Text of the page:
The partners were sufficiently occupied. Estimates and prices for vast quantities of paper were considered, all available presses were contracted for, binderies were pledged exclusively for the Grant book. Clemens was boiling over with plans and suggestions for distribution. Webster was half wild with the tumult of the great campaign. Applications for agencies poured in.
In those days there were general subscription agencies which divided the country into districts, and the heads of these agencies Webster summoned to New York and laid down the law to them concerning the, new book. It was not a time for small dealings, and Webster rose to the occasion. By the time these men returned to their homes they had practically pledged themselves to a quarter of a million sets of the Grant Memoirs, and this estimate they believed to be conservative.
Webster now moved into larger and more pretentious quarters. He took a store-room at 42 East 14th Street, Union Square, and surrounded himself with a capable force of assistants. He had become, all at once, the most conspicuous publisher in the world.
DAYS WITH A DYING HERO
The contract for the publication of the Grant Life was officially closed February 27, 1885. Five days later, on the last day and at the last hour of President Arthur’s administration, and of the Congress then sitting, a bill was passed placing Grant as full General, with full pay, on the retired army list. The bill providing for this somewhat tardy acknowledgment was rushed through at the last moment, and it is said that the Congressional clock was set back so that this enactment might become a law before the administration changed.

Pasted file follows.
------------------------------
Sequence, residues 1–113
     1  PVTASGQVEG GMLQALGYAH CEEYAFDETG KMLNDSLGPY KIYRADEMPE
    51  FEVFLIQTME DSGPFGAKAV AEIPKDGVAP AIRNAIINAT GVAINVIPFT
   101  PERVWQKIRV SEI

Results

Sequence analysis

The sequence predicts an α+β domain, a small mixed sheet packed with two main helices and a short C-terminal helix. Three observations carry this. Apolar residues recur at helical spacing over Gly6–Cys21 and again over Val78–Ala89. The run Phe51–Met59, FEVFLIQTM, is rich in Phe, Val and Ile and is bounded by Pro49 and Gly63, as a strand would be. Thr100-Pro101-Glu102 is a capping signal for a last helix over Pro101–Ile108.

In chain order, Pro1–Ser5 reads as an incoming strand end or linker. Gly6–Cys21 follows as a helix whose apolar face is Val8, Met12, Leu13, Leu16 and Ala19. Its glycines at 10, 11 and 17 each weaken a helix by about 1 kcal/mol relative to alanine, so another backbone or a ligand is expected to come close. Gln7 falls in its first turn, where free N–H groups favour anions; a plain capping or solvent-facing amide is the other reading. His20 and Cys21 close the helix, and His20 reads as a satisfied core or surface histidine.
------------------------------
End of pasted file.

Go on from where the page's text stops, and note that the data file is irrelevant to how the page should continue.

Clemens was with General Grant when the news of this action was read to him. Grant had greatly desired such recognition, and it meant more to him than to any one present, yet Clemens in his notes records:
Every face there betrayed strong excitement and emotion except one —General Grant’s. He read the telegram, but not a shade or suggestion of a change exhibited itself in his iron countenance. The volume of his emotion was greater than all the other emotions there present combined, but he was able to suppress all expression of it and make no sign.
Grant’s calmness, endurance, and consideration during these final days astonished even those most familiar with his noble character. One night Gerhardt came into the library at Hartford with the announcement that he wished to show his patron a small bust he had been making in clay of General Grant. Clemens did not show much interest in the prospect, but when the work was uncovered he became enthusiastic. He declared it was the first likeness he had ever seen of General Grant that approached reality. He agreed that the Grant family ought to see it, and that he would take Gerhardt with him next day in order that he might be within reach in case they had any suggestions. They went to New York next morning, and called at the Grant home during the afternoon.